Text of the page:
Sharks clearly eat seals, as seen in numerous predations caught on video this past summer alone. Figuring how where those attacks are most likely to occur, and under what circumstances, is one element of the research being done by State shark expert Dr. Greg Skomal. Understanding those patterns could help beach managers determine how and when to close beaches to swimming.
Bogomolni suggested officials look to locations that have been through the same situation – historically abundant species returning after a period of decline – like California, where communities have learned to live with large numbers of sea lions and sharks.
“People have reached an understanding,” said Bogomolni, who is originally from the Bay area. “These are the oceans, these are the animals that are there, do I take a risk or not?
“We're not alone. We definitely should be reaching out to other people, especially to quell the fears and misinformation,” she said.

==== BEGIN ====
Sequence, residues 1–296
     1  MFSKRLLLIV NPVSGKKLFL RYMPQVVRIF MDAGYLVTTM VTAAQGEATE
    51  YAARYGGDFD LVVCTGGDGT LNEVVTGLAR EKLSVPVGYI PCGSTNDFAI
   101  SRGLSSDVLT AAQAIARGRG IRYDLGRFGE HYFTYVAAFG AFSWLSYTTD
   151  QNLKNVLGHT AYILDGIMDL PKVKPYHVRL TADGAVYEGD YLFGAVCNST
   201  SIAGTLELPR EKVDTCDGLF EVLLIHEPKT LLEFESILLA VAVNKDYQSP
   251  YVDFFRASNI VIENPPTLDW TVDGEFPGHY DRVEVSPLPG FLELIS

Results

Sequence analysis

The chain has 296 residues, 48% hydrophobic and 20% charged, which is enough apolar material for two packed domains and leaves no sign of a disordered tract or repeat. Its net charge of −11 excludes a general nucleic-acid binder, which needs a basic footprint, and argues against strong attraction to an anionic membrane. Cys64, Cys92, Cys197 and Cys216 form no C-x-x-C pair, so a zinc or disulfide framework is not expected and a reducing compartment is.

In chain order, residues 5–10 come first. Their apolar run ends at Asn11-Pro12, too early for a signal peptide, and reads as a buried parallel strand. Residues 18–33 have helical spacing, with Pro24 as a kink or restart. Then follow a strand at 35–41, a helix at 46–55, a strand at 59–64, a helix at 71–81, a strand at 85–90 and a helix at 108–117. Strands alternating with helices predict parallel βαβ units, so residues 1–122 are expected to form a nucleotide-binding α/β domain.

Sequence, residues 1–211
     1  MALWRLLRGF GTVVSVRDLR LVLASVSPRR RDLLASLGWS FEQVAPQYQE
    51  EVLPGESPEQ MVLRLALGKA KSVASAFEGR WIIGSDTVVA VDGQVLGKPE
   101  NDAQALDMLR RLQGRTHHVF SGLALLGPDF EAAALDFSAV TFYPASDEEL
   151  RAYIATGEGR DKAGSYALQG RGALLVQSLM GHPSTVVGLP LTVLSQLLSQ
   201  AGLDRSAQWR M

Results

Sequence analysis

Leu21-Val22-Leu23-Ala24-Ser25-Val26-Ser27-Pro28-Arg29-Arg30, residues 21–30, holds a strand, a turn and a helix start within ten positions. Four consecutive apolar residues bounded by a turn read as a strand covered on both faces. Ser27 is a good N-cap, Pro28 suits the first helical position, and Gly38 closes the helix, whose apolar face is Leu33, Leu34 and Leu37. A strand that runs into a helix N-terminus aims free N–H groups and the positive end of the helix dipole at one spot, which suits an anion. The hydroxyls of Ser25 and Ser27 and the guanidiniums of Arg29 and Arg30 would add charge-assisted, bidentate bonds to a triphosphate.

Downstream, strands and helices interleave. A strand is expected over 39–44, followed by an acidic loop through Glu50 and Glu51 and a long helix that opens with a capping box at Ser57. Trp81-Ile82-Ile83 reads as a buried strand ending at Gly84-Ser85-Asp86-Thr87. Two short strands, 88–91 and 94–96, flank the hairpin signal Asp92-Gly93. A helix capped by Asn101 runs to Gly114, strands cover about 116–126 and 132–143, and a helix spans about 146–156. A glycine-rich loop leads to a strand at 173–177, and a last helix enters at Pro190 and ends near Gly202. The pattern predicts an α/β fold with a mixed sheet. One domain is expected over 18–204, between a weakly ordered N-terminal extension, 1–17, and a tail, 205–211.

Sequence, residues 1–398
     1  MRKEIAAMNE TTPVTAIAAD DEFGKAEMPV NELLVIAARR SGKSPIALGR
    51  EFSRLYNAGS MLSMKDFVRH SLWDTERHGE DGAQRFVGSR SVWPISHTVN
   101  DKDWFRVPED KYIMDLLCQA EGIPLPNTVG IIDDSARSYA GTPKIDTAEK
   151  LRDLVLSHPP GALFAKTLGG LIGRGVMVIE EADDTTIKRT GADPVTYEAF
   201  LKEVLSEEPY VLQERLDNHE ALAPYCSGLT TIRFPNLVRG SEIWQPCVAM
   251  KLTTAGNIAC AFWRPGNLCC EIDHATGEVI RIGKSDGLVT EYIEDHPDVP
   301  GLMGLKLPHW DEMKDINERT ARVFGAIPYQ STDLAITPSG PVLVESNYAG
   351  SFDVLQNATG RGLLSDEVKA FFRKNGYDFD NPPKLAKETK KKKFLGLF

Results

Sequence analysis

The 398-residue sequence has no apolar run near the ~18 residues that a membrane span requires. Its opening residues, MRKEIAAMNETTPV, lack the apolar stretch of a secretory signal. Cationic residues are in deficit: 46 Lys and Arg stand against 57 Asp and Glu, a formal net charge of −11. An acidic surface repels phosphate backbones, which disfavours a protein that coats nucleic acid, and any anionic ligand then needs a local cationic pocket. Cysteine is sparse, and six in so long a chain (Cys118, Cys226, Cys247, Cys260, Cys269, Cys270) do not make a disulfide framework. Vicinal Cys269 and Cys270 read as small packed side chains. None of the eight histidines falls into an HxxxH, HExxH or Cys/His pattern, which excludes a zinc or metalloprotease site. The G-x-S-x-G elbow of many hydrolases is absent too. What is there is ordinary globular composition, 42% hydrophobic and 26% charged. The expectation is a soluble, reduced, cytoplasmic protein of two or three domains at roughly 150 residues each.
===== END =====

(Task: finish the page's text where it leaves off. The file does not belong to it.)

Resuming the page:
Meanwhile, the regional shark working group met last week to continue efforts to coordinate more “Stop the Bleed” training sessions, research shark bite medical kits and update shark safety talking points, signs at beaches and safety brochures, according to a press release from the Atlantic White Shark Conservancy.
Skomal hoped to get at least a couple more days on the water before ending his five-year shark population study this week. Last Friday, Skomal and his research team tagged an 11-foot great white shark off Nauset Inlet, the 16th shark to be tagged this season.
For more information about seals, visit nasrc.whoi.edu/faqs.